I'm not going to bury the lede.
Rite Aid on Main Street is closing.
According to an employee we spoke with last night, the pharmacy closes on May 20th and the entire store closes on June 3rd. Walgreens bought Rite Aid and now they've got too many stores...so this one will go.
Why does the closing of a chain store give me such a sinking feeling in my stomach when there are multiple pharmacy options within a mile or two?
Because those options are not within walking distance of downtown.
The presence of Rite Aid on Main Street makes a huge difference to people who live in the downtown neighborhoods, to Wesleyan students, to guests at the hotel...it's not just a store among many. It's an anchor of our walkable downtown - and a key factor in our high walkscore
, which measures how close you live to the necessities of modern life (a job, a library, a movie theater, a hospital and other conveniences.) Rite Aid is where downtowners buy a quart of milk, or printer ink, or tylenol after a long city council meeting.
I've had this sinking feeling before. It's the roller coaster of Main Street, Middletown. Back in the late '80s, downtown residents relied on the Waldbaum's Supermarket in Metro Square. When it closed, it was no longer realistic to live downtown without a car. It meant a bus ride to buy groceries (everybody should try that at least once). The loss of a downtown supermarket was one of the early dominoes that fell; and they kept falling till most of the downtown storefronts had emptied out.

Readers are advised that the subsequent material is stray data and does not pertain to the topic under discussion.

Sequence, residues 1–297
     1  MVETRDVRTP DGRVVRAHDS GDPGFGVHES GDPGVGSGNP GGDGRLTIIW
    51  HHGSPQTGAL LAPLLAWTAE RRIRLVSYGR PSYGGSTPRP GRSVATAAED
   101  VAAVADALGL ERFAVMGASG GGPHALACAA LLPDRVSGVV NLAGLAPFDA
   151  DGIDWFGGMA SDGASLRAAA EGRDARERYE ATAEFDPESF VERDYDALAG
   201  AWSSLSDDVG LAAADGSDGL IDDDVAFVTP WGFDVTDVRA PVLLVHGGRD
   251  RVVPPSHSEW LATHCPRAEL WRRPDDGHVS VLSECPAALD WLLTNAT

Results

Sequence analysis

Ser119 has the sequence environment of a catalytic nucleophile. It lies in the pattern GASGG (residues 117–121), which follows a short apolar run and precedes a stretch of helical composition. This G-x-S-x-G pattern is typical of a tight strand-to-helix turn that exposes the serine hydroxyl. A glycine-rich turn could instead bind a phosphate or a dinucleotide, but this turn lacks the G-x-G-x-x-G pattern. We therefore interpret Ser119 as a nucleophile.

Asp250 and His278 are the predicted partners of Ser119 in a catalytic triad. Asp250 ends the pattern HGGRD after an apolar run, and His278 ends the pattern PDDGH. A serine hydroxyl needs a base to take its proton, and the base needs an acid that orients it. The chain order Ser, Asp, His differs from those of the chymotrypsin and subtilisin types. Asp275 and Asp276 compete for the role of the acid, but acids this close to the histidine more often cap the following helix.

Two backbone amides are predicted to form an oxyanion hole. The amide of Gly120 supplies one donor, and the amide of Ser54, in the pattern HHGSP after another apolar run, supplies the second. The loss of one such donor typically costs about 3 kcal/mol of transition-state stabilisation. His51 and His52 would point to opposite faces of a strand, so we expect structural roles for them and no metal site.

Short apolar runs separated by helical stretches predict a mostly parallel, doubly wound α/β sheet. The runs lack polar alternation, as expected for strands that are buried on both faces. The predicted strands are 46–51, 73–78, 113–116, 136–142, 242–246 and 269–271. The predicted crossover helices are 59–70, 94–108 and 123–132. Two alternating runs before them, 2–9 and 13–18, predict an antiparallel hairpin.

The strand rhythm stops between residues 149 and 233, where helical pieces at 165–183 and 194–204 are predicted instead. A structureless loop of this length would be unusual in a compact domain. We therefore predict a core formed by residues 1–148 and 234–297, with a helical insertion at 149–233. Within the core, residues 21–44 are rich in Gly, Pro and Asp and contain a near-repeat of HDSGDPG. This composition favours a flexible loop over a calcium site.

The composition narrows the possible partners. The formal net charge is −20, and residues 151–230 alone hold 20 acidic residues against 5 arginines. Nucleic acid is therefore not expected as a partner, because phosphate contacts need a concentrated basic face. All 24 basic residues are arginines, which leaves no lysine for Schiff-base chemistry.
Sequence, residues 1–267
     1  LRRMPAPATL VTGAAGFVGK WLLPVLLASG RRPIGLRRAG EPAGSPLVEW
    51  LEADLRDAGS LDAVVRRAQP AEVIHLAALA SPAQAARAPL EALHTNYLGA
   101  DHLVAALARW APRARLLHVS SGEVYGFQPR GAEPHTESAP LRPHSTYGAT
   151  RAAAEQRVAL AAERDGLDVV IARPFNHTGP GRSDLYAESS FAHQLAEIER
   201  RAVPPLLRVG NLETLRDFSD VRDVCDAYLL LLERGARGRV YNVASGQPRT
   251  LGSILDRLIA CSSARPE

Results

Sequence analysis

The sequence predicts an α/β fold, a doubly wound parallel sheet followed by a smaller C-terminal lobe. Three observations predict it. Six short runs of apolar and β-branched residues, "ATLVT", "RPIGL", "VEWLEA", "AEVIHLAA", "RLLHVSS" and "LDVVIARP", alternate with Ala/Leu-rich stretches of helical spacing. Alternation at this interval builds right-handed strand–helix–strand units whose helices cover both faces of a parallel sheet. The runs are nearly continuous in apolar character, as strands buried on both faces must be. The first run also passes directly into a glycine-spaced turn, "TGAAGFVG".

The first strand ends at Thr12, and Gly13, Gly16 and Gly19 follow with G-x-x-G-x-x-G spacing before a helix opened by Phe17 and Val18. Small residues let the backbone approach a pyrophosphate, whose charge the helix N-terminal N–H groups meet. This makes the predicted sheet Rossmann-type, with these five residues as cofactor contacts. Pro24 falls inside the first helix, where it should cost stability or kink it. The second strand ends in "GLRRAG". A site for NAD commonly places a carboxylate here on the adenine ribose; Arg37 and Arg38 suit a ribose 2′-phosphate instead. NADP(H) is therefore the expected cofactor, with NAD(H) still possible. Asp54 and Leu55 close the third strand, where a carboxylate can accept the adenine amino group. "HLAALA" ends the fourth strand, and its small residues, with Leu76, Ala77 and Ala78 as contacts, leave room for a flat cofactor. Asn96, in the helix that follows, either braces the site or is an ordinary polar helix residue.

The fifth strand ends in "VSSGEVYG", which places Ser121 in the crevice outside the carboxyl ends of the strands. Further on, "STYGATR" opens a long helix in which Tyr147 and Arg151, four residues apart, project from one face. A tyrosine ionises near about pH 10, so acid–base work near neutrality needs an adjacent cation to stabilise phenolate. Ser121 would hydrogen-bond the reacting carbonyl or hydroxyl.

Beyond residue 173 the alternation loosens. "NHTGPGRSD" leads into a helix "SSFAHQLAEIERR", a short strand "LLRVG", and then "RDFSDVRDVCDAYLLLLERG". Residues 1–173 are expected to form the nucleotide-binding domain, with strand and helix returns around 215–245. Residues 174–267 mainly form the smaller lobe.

Main Street rode the roller coaster back up in the late '90s - and everyone involved knows that it was only by working together (and sweating the small stuff) that we turned things around and made this renaissance happen on Main Street. The opening of this Rite Aid, just 10 years ago, was an important step. We can't afford to take its departure lightly.
We've still got It's Only Natural Market for that quart of milk...open till 8 pm. And Public Market. And a handful of small bodegas in the North End. I intend to keep supporting them.
But the losing the convenience of Rite Aid is a blow to our aspirations of being the new housing destination for urbanist millennials and empty nesters, not to mention the quality of life of all the people who already live here. Our current leadership - and those who are in the running - should be aware that maintaining the infrastructure of downtown living is just as important as announcing big new developments.
With this news - and other turnover in downtown storefronts these days - let's not ignore what we're hearing: we need to pay attention to Main Street.